Wells, In re, CA95-04-058

Citation669 N.E.2d 887,108 Ohio App.3d 41
Decision Date26 December 1995
Docket NumberNo. CA95-04-058,CA95-04-058
PartiesIn re WELLS.
CourtUnited States Court of Appeals (Ohio)

John F. Holcomb, Butler County Prosecuting Attorney, and Kathleen Romans, Assistant Prosecuting Attorney, Hamilton, for appellee Butler County Children Services.

Rene M. LaForte, Kettering, for appellant.

Mary K. Dudley, Hamilton, for appellee John Adams.

Grace Thompson, Fairfield, guardian ad litem.


Appellant, Bobbie Vinson, appeals an order of the Butler County Court of Common Pleas, Juvenile Division, granting legal custody of her two-and-one-half-year-old daughter, Danielle Wells, to Danielle's biological father, appellee John Adams ("Adams").

Danielle was born October 19, 1992. On April 30, 1993, appellant left Danielle, then six months old, with Michael Wells ("Wells") 1 and his seventeen-year-old girlfriend, Lucinda Lucas ("Lucas"). Appellant testified that she would leave Danielle with Wells two or three nights a week for him to be her father since Danielle had his last name. That same day, Wells left Lucas, leaving Danielle in her care. Wells came back two days later but left again without making any provisions regarding Danielle. On May 6, 1993, Lucas brought Danielle to Urgent Care in Middletown, Ohio because of respiratory problems. Because the whereabouts of both appellant and Wells were unknown, consent for medical treatment or hospitalization could not be given.

On May 10, 1993, appellee Butler County Children Services Board ("BCCSB") filed a complaint in neglect and dependency on behalf of Danielle and obtained temporary custody of her. Danielle was placed in foster care. In June 1993, the trial court found Danielle to be a neglected and dependent child. However, based upon appellant's cooperation and progress in accordance with the case plan prepared by BCCSB, the trial court subsequently terminated BCCSB's temporary custody and granted temporary custody of Danielle to appellant. Appellant was ordered not to remove the child from the state of Ohio pending further review.

On August 12, 1993, the trial court issued a capias for the arrest of Adams for failure to appear in court. Following his arrest and the performance of a blood test, Adams admitted paternity of Danielle. On January 31, 1994, the trial court found Adams to be Danielle's biological father and ordered him to pay child support. No formal award of custody was made at that time. Appellant continued to have custody of Danielle.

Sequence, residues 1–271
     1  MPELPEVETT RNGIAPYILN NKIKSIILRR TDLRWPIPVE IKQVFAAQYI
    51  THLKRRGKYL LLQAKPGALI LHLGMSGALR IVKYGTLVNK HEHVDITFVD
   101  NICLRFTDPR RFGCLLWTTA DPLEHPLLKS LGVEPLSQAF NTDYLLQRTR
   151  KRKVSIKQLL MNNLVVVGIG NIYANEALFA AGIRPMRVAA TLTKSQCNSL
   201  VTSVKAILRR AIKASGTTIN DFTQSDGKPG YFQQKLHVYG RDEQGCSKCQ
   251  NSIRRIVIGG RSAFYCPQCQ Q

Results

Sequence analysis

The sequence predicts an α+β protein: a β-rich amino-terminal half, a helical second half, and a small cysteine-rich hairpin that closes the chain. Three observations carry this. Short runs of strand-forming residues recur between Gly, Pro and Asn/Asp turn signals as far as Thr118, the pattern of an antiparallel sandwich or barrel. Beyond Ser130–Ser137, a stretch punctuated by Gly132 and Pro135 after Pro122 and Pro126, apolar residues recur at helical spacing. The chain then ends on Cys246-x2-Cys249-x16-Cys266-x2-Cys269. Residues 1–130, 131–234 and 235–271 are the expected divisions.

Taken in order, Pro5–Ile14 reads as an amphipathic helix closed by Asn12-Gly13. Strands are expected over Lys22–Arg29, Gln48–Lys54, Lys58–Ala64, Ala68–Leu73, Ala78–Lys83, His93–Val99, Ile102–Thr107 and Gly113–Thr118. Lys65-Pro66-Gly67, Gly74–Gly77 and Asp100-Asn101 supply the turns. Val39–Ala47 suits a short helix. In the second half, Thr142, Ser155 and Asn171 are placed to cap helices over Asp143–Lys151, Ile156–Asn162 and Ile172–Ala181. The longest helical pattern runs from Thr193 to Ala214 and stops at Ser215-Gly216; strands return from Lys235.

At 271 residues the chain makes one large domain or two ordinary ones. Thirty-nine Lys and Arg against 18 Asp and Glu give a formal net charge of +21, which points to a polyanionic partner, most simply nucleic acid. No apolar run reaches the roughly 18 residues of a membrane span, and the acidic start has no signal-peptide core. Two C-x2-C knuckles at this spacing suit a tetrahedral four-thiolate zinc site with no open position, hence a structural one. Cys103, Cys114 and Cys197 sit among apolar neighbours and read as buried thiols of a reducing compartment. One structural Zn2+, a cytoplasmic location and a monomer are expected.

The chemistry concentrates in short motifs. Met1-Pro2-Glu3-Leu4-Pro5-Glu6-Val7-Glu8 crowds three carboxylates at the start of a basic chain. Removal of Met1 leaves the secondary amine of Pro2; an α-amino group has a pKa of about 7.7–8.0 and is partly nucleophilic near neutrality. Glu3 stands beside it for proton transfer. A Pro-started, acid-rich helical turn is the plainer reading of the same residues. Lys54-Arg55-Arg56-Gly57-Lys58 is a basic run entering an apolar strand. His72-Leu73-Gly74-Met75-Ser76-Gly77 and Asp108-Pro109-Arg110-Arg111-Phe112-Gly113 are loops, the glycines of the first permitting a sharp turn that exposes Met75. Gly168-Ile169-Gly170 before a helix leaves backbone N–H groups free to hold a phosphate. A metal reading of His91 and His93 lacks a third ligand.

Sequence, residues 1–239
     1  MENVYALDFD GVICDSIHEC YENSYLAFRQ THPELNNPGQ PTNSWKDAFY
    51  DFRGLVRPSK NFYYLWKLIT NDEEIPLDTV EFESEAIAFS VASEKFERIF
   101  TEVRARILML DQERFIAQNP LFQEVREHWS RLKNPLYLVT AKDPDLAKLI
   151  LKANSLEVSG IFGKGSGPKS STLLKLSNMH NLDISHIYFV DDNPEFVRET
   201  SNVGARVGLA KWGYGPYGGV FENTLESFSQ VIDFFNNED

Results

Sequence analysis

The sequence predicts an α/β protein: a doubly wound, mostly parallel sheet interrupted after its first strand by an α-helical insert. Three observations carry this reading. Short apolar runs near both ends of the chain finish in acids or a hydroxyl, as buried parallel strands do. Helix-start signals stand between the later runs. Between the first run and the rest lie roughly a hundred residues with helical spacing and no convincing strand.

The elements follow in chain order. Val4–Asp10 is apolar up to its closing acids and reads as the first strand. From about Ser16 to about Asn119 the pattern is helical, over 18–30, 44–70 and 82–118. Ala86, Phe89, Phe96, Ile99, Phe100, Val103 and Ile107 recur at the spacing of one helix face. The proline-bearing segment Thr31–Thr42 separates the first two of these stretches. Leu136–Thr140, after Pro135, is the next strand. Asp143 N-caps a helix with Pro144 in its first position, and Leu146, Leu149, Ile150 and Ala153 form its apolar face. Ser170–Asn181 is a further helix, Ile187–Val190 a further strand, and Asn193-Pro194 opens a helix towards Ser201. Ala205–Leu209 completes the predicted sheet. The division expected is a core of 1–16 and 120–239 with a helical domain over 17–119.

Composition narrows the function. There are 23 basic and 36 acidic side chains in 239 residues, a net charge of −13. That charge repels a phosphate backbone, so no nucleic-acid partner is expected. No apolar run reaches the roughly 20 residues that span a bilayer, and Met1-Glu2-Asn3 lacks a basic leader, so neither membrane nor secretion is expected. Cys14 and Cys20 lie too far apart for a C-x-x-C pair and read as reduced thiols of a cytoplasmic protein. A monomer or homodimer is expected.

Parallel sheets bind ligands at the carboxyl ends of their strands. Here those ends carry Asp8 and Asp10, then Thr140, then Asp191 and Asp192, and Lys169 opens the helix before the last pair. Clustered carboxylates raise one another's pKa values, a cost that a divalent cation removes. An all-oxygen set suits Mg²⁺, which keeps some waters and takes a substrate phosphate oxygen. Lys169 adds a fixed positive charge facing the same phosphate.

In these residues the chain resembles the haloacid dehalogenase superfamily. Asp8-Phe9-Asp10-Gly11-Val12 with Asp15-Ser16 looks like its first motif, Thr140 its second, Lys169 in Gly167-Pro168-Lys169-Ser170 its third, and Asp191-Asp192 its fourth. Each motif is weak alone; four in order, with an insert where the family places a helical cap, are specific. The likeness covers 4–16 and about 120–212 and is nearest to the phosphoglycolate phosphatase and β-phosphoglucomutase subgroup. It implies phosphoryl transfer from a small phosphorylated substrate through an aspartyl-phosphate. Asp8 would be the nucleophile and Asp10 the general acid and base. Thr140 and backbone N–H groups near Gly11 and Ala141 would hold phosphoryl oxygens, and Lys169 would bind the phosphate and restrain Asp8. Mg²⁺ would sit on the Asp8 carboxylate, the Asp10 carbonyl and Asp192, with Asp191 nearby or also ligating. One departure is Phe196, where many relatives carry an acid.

In January or February 1994, appellant slipped on a patch of ice and broke her collarbone. 2 Appellant thereafter experienced difficulties in taking care of her children. As a result, the children were taken to appellant's mother in Kentucky, who took care of them until appellant could recover from her injury. A few days later, appellant was ordered to appear before a circuit court in Kentucky, which she did. The circuit court gave temporary custody of appellant's children to one of appellant's siblings. The court granted appellant supervised visitation at her mother's house. During one of these visits, appellant took advantage of her mother taking a bath to take her children and returned with them to Ohio.

On April 11, 1994, Adams filed a motion for allocation of parental rights and responsibilities with regard to Danielle. On April 18, 1994, the trial court granted Adams temporary custody of Danielle. Appellant subsequently moved to Marietta, Ohio with Dowling where she stayed until December 1994. In December 1994, appellant moved to Middletown, Ohio where she lived in a trailer with her son, Dowling, Dowling's husband, and Dowling's younger son.

On May 9, 1994, pursuant to an agreement reached between the Kentucky circuit court and all the parties, the trial court ruled that it would retain jurisdiction in this matter. On July 1, 1994, Adams moved the trial court to grant him legal custody of Danielle. A hearing on the matter was held February 14, 1995. By judgment entry filed March 8, 1995, the trial court found that it was in the best interest of Danielle to be placed in the legal custody of Adams, and, accordingly, granted legal custody of Danielle to Adams.

Appellant timely filed this appeal and raises the following assignment of error:

"The trial court erred to the prejudice of appellant by failing to apply the mandates of Ohio Revised Code Section 3109.04(E)(1)(a) in its modification of the child's prior custodial arrangement."